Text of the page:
6. Does Christman express a positive or negative view of the Gold Rush in this journal entry? Give an example from the letter.

7. On the day he wrote this entry, how do you think he felt about his decision to go to California? Explain your answer with at least one example from the letter.

One man's gold; the letters and journal of a forty-niner, Enos Christman.

Friday, February 15, 1850

--Tuesday, February 12th, we were landed with our baggage on the beach at a place called Happy Valley, about a mile east of the city, where we soon cleared a place and put up our tent and removed our trunks and bedding into it. We then cooked our supper of tea and fried bread, and although this meal was quite humble and prepared by our own hands, I never partook of any that I enjoyed more, not even the best cured fowl. Being determined to have as lively a time of it as circumstances would permit, we soon after introduced the violin and enjoyed ourselves in the giddy mazes of a real Spanish fandango for an hour or two. About nine o'clock we arranged our trunks and placed our beds upon them. Two of our party had to lie upon the ground, but Atkins and I had trunks enough to form a platform for our beds. We then turned in without a single weapon by us, they all being locked up in our trunks, feeling quite as secure as when surrounded by thick and massive walls, and enjoyed as good a night's repose.

Happy Valley seems to derive its name from the merry character of its citizens who all live in tents, doing their own cooking and washing, and sleeping on the ground. The ground is owned by the government and is reserved for a navy yard. Several fine springs of excellent water are quite convenient and wood is obtained for the cutting close by. We are surrounded by a great number of tents occupied by persons from all parts of the Union.

My comrade and I have rambled the city from center to circumference in search of Mr. Jonathan Griffith, to whom we had letters of introduction from Judge Strickland of West Chester. At length we found him and he gave us a most welcome reception and treated us with great hospitality. We were not long enquiring about our friends and learned that a few of them were in the city, not more than paying expenses, while the greater number were at the diggings where they had been almost ever since their arrival. At the last accounts Mr. Griffith had from them, they had done but little in the way of making money.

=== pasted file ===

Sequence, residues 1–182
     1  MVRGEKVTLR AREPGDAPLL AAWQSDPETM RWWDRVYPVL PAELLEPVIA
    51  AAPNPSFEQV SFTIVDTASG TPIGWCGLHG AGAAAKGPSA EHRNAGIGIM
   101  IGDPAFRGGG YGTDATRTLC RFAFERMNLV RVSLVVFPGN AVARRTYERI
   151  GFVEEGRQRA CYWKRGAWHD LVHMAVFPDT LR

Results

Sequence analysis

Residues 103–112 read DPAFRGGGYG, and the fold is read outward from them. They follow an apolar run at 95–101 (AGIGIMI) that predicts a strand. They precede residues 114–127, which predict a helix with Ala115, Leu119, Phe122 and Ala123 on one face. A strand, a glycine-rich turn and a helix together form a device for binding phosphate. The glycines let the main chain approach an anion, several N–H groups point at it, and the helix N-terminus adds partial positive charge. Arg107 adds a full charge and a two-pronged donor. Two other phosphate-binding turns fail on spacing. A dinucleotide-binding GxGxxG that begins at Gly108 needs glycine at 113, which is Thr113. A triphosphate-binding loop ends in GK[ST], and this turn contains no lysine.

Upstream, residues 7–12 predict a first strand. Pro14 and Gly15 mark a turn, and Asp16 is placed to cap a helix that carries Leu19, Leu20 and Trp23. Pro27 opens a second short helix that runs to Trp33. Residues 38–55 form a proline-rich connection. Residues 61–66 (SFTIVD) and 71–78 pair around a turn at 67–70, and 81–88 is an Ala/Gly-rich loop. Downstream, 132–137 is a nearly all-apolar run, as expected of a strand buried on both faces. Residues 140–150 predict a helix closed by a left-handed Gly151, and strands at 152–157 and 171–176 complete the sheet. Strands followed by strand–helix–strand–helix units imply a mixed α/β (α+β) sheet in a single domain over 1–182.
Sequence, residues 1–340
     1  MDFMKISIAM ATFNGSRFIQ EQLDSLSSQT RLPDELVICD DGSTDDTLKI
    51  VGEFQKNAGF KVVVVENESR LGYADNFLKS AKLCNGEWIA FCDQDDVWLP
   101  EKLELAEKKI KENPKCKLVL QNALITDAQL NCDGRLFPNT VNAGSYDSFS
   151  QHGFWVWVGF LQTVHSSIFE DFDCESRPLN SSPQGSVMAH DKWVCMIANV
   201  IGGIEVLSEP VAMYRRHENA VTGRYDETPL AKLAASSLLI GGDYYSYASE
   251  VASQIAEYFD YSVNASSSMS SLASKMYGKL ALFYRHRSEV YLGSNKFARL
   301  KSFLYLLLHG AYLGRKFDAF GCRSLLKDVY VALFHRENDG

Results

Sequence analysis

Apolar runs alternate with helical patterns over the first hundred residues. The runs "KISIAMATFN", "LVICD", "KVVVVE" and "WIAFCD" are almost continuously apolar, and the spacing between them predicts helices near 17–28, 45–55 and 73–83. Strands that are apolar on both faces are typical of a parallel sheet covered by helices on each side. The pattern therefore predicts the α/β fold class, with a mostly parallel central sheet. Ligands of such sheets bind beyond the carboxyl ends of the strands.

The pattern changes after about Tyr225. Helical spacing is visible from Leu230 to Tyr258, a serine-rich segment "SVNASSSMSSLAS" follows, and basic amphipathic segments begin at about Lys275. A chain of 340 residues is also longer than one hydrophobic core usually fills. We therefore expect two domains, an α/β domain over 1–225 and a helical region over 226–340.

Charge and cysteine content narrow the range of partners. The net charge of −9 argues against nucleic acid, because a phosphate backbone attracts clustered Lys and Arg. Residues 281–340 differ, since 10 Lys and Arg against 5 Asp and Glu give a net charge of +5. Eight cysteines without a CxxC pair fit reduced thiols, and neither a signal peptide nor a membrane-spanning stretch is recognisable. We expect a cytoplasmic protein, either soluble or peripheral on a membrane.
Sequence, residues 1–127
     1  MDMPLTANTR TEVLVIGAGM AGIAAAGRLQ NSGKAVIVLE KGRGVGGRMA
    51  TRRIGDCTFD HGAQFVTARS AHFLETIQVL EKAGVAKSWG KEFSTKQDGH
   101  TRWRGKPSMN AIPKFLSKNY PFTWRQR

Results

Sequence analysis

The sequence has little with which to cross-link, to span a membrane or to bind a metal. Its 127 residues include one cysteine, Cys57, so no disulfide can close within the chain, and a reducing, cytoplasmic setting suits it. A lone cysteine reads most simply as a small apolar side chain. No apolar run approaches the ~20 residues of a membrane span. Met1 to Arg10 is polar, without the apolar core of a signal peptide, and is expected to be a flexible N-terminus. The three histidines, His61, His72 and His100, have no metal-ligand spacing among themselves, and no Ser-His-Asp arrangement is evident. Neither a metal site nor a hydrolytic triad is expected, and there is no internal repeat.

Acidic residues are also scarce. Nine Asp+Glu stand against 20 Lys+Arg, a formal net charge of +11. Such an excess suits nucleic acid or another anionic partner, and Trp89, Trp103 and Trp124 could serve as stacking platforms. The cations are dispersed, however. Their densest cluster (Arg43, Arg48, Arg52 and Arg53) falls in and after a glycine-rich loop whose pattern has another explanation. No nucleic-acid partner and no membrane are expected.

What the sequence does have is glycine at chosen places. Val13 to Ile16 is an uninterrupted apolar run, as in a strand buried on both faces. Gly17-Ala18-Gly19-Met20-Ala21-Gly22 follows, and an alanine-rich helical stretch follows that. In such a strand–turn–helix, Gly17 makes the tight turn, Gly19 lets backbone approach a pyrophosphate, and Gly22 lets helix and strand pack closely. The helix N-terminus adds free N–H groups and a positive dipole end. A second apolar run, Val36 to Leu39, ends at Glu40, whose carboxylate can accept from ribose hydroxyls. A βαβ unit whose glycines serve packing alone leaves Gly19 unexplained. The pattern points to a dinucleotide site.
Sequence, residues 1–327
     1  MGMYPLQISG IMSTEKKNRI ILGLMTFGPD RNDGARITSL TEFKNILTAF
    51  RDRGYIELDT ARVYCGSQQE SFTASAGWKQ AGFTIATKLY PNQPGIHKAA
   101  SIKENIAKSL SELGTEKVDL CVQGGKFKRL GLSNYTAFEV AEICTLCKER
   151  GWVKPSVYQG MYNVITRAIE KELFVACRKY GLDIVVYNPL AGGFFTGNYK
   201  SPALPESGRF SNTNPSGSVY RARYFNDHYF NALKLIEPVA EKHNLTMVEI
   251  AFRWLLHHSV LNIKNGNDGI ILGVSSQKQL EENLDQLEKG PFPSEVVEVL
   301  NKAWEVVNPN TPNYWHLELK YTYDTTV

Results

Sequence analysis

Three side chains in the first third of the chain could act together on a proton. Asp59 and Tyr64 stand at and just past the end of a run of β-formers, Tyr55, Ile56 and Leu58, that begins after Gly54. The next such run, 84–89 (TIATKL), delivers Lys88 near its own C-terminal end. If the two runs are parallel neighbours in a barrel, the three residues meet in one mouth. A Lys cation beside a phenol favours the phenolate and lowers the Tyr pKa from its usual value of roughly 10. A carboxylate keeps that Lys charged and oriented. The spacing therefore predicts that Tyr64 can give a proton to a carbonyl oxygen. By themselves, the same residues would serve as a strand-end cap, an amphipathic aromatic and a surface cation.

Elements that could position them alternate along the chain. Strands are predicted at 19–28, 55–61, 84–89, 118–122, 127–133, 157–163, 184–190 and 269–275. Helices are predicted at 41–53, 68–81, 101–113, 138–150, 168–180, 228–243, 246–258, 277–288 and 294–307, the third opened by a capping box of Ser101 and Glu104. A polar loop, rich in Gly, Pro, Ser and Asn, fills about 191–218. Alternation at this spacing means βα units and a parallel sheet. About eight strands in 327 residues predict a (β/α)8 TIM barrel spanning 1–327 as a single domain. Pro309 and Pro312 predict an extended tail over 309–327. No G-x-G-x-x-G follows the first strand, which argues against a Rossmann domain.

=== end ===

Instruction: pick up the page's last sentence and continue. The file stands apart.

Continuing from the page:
Whitaker had been taken ill at the mines and sent to this place with sufficient funds to winter, and recruit his health if possible. But, alas! A melancholy tale must now be told. Poor Whitaker grew worse and worse and had to be removed to the hospital. After suffering there for some time, he at length yielded his spirit up to his Maker, never uttering a murmur against his hard fate. And thus died a young man who a few months before had been filled with the brightest hopes for the future. He was young, intelligent, amiable, kind and gentle, industrious and enterprising. He was beloved, respected and esteemed by all who knew him, and was never guilty of a mean action. His body was interred at the public burying-ground a little to the west of the city, near the seashore, where the howling wind and roaring surf will sing him a suitable requiem.

But his is the case of thousands. Every neighborhood in the States will yet have to hear of the bones of some of their best beloved and respected young citizens bleaching on the plains of California. A bitter wail of lament will be echoed from house to house, by parents, wives, brothers, sisters and lovers, the anguish of which cannot be repaid by all the glittering ore that covers every hill and valley in this new El Dorado, this Land of Promise. Thousands will curse the day that brought them to this golden land. The gold will be a curse instead of a blessing.